CFP: Trauma and the American Revolution: Representing Rupture (4/16/07; M/MLA, 11/8/07-11/11/07)
"Trauma and the American Revolution: Representing Rupture." This panel
will examine literary representations of the American Revolution from
the point of view of trauma and historical rupture. What is the
significance of those representations, which imagine the revolutionary
era in terms of absence, ambiguity, loss, and the crisis of identity?
One of our most famous tales involving the revolution, Washington
Irving's "Rip Van Winkle," for example, figures the war as a central
and productive absence in the text. Nathaniel Hawthorne's Legends of
the Province House contemplates the implications of the war in terms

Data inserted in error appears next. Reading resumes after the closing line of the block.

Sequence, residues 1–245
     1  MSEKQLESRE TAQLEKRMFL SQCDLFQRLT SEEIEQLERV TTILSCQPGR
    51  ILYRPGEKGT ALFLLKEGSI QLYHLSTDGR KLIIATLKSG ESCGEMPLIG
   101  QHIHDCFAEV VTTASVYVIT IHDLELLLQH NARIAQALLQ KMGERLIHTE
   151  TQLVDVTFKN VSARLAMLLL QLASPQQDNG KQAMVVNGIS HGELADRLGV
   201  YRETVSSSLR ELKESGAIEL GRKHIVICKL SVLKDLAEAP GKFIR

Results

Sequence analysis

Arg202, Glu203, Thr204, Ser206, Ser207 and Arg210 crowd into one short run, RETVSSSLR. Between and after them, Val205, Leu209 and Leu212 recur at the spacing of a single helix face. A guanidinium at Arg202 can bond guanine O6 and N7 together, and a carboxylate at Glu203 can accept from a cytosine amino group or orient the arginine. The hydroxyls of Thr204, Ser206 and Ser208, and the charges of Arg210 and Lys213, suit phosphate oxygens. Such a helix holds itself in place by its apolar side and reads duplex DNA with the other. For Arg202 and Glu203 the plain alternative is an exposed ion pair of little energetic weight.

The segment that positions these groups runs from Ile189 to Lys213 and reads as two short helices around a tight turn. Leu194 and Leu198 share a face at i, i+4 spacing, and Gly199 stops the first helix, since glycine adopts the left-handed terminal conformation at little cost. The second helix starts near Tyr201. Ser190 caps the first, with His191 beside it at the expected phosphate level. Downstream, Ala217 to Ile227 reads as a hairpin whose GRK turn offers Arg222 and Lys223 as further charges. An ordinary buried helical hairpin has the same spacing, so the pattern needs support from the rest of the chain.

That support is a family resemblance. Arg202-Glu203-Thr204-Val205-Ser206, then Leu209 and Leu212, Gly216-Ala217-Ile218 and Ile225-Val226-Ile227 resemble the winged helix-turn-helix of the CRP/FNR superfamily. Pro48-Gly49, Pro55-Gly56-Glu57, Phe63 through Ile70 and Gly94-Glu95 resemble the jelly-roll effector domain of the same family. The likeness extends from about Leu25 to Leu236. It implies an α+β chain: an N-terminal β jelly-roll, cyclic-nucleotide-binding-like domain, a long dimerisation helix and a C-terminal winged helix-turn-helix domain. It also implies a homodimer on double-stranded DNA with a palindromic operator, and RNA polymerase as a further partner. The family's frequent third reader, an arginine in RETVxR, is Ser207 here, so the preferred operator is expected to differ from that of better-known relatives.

that often evoke the reader's sympathy for those who under go what
might be called a symbolic death as pre-revolutionary identities
collapse. We welcome essays that approach this question from a variety
of methodologies, including historical, theoretical, and philosophical.
Email 250-word abstracts to Sean J. Kelly, Univ. at Buffalo, SUNY
Buffalo, sjkelly_at_buffalo.edu, by April 16th.
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or write Jennifer Higginbotham: higginbj_at_english.upenn.edu
Received on Mon Mar 19 2007 - 14:35:13 EST